The Organizational Strategist

October 29, 2014

Leading and Influencing Change Across Organizations


-Introduction-

Companies have many different alignment and operating models. Some are small, dynamic, and nimble, often sharing major activities with multiple parties, using a flatter organizational structure. Others are large, structured, and consistent, often centrally controlled and structured, and using a clear upward and downward hierarchy. Beyond that, there are companies that blend the two extremes. Networks, partnerships, franchises, and other types allow for specialization by product, cause, service, customer type, geography, or other focus area.

There is no one best approach. With increased central control, it becomes easier and simpler to act on top strategic priorities as all areas need to snap to it. Yet, it becomes much more difficult to adapt. With more distributed authority, many more activities can be done in an adaptive, emerging manner. Yet, having a systemic method of operating or repeatability is challenging. How can a company balance the benefits and style of being nimble and adaptable with repeatability and consistency? Let’s dive in!

-Taking the plunge-

Let’s take the example of franchises since they are a well-known blend of central elements, yet customize their approach by region. They are often independently owned and operated with support and shared benefits from the parent organization. The franchises localize their approach to their established region, which can make them very competitive and compelling to customers. This gives the franchise leadership the ability to innovate and find the best manner to meet market needs. At the same time, the franchise can leverage the parent company’s support, branding, marketing, operating models, standard products and services, and potentially other benefits. This helps the franchise organization to focus its efforts on its market (customer segments, product and service selection or refinement, adaptation to suit customer needs and wants, and so forth).

Often franchise businesses have some discretion to pick and choose what they use and how they operate. This then puts the parent company in more of an enablement position, instead of a directly leading role. That then means that if the parent company wants to change how something is done in the child organizations, it needs to be a blend of both exerting formal power and, likely more importantly, influencing that change.

That blend of formal power and informal influence is where the art of designing and implementing change comes into play, as opposed to a disciplined scientific method to change. It is less of a scientific effort because each region that a franchise operates in may have unique needs and approaches to success. That means that the central change to be rolled out, perhaps changing how to interact with customers, would need to have its core principles articulated and allow for region-specific adaptations for fit and market interest. Putting together assets such as vision materials, operating principles, guidelines, recommended best practices, and templates all provide lift while allowing for the innovative adaptation to the local region.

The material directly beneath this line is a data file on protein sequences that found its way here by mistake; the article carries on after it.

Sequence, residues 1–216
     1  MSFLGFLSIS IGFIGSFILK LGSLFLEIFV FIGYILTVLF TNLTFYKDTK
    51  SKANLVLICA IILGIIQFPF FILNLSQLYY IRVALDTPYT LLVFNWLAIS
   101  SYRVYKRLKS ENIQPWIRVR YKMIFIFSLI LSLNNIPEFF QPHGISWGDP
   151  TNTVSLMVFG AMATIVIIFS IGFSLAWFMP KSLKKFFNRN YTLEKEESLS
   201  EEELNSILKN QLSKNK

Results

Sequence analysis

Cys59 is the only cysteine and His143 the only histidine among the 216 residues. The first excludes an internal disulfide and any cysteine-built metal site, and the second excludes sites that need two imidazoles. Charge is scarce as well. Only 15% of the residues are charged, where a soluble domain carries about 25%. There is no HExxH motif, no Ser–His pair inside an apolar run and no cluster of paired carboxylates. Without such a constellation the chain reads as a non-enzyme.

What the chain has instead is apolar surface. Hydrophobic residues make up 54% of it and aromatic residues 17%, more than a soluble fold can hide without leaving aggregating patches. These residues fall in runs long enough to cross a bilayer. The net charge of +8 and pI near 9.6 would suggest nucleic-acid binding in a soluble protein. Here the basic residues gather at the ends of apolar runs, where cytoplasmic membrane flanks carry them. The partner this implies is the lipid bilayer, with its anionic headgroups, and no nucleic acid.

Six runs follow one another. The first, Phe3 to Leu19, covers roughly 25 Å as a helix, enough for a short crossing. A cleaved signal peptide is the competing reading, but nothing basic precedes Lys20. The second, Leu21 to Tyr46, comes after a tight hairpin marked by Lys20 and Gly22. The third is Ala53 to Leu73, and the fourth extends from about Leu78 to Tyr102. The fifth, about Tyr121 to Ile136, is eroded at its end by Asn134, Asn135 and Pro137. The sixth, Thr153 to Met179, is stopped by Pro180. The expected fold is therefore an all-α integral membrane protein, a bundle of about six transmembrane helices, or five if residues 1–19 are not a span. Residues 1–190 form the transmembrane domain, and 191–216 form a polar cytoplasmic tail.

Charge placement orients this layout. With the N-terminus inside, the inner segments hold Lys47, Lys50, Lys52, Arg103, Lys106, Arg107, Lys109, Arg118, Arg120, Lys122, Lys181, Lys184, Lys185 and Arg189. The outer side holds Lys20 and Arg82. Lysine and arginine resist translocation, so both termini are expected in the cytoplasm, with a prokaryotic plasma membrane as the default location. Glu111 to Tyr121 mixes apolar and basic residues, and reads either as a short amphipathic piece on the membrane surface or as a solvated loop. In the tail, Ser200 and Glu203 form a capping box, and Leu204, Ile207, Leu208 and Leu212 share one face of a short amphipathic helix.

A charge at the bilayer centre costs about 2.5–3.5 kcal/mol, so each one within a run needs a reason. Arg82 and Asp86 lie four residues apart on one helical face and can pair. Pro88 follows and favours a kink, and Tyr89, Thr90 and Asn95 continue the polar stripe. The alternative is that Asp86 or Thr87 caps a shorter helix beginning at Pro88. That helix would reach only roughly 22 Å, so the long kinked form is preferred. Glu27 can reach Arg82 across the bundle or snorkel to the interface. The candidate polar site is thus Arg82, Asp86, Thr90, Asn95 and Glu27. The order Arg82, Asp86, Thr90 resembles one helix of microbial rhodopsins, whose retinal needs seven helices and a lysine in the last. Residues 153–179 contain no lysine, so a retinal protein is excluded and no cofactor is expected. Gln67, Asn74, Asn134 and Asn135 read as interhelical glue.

To pull together the overall change throughout the organization, it can help to break down the components of change. I’ll use the Awareness, Desire, Knowledge, Ability, and Reinforcement (ADKAR®) model here:

Awareness – How aware are the franchises of the upcoming change?

The franchises would need to be clearly told what the upcoming change is, how it is going to happen, when it will be in place, and other details to simply understand the planned change.

Desire – How much desire or motivation do the franchises have for the upcoming change?

The franchises should be bought into this change. They should understand why it is important and helpful for both them as well as the parent company. The importance could be in any number of avenues (improve customer satisfaction, promote new market products that have sold really well elsewhere, and so forth).

Knowledge – How much knowledge do the franchises have around the upcoming change?

The franchises should be able to articulate the change in their own words and how it applies to them. As an example, if they are to sell a new product, they would need to understand the product details.

Ability – How able are the franchises to handle and adapt to the upcoming change?

The franchises must have the right skills, proficiency, time, resources, and so forth to enact this change.

Reinforcement – How well reinforced is the upcoming change to ensure it will last over time?

In order to ensure the change will persist and not revert back to the previous approach, the change would need to be rolled out in such a way that the new approach is adopted, tracked, and sustained.

-Summary-

Every organizational model has its own strengths and best fit uses. Along with that, each type has its own best fit approaches for evolving and leading change in and across the organization. Understanding where and how to strategically and tactically make changes in an organization is crucial for a transformative leader. For those would-be leaders, strive to find that right blend of art and science to lead and manage change. Good luck!

 

Please note that the ADKAR Model® and the Awareness, Desire, Knowledge, Ability, and Reinforcement phrase are copyrights of Prosci, all rights reserved.

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